Forced Labor in Vietnam is Real

Forced labor is a situation wherein a worker is coerced to do hard labor by exerting violence or intimidation, or by more elusive means like accumulated debt, holding of documents or other identity papers or threats of denunciation to immigration bodies in a country.

In Vietnam, there are some 30,000 workers, including women and children, who are being held against their free will in detention centers managed by the state government, forced to work and beaten all for the sake of drug treatment.

Typically, victims of forced labor are alleged drug addicts who are being held for a certain period like two to four years without ever getting a hearing or a trial in any court of law.

Unfortunately for detainees in drug center, they are coerced to work under tough conditions for little or no pay at all doing a range of tiresome tasks such as sewing t-shirts or mosquito nets, painting stone trinkets and cashew processing, often for private companies.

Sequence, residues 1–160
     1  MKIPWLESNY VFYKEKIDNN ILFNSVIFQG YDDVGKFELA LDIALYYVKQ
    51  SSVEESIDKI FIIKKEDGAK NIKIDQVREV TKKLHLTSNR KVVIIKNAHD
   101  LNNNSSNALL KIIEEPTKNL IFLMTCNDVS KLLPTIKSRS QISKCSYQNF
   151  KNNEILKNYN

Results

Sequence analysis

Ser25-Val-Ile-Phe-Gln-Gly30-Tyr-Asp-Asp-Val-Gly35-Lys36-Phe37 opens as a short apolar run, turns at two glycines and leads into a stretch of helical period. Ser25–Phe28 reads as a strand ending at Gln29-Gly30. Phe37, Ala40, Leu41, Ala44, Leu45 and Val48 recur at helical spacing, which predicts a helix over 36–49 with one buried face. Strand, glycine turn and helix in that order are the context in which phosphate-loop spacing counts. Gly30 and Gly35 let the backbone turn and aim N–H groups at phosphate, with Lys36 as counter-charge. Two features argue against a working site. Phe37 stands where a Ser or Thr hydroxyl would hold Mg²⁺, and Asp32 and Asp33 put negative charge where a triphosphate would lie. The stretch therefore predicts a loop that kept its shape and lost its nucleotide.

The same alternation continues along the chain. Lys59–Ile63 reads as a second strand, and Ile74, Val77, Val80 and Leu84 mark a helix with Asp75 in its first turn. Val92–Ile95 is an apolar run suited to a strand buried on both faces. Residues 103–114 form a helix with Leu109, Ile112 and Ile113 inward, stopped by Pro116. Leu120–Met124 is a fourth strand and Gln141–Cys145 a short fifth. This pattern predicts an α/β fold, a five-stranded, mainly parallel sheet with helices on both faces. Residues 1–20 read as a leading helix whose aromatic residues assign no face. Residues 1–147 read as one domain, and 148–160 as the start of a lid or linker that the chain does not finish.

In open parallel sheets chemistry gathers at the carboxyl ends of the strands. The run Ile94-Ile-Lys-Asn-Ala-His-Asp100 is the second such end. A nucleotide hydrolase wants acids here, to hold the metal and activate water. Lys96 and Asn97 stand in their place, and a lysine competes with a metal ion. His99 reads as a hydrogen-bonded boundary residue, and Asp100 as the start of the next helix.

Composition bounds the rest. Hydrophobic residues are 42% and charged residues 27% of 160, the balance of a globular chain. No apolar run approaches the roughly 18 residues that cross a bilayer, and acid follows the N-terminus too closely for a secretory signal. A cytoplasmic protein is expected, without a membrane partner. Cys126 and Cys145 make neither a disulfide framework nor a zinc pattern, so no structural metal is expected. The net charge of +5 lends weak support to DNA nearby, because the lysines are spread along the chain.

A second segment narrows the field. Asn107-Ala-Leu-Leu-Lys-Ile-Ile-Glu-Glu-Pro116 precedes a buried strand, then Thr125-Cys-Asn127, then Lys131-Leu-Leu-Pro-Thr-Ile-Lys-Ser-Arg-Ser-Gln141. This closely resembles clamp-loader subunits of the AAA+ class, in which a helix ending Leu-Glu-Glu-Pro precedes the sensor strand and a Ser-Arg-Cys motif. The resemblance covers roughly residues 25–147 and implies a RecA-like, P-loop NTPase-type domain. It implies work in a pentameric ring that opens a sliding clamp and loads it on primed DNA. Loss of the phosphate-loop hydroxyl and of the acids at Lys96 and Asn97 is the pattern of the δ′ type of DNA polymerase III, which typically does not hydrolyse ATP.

For workers who refuse to do labor, violate rules or simply not accomplishing a daily quota, they reportedly face beating of wooden sticks, electric shocks or solitary confinement.

Apparently, the country’s use of labor force in drug detention centers violates a number of international law such as the ILO Convention 29, the Universal Declaration of Human Rights and the International Covenant on Civil and Political Rights (ICCPR). Also, the centers are said to be an ineffective form of drug treatment. Statistics revealed that more than 90 percent of former drug detainees return to drug use shortly upon release.

In 2012, a dozen UN agencies, which include the World Health Organization (WHO), ILO and United Nations Office on Drugs and Crimes (UNODC), have called for the closure of compulsory drug detention centers, quoting the implementation of forced labor as well as the absence of evidence-based drug treatment.

The products made by the drug detainees as a result of their hard labor have made their way into the global supply chains. In fact, in 2011, Columbia Sportwear claimed that one of its Vietnamese contractors had subcontracted the production of jacket liners to one of the drug detention center in the country.

So far, Vietnam is one of the leading suppliers of cashew nuts in the United States and there were doubts that several portion of the cashews being exported to U.S. are products of the detainees’ hard labor in detention centers.

In a recent report published by the ILRF, entitled as Vietnam’s Forced Labor Centers, at least 15 former drug detainees were interviewed, which eventually created the case for why Vietnam’s drug detention centers should be closed immediately.

Lei Hoang


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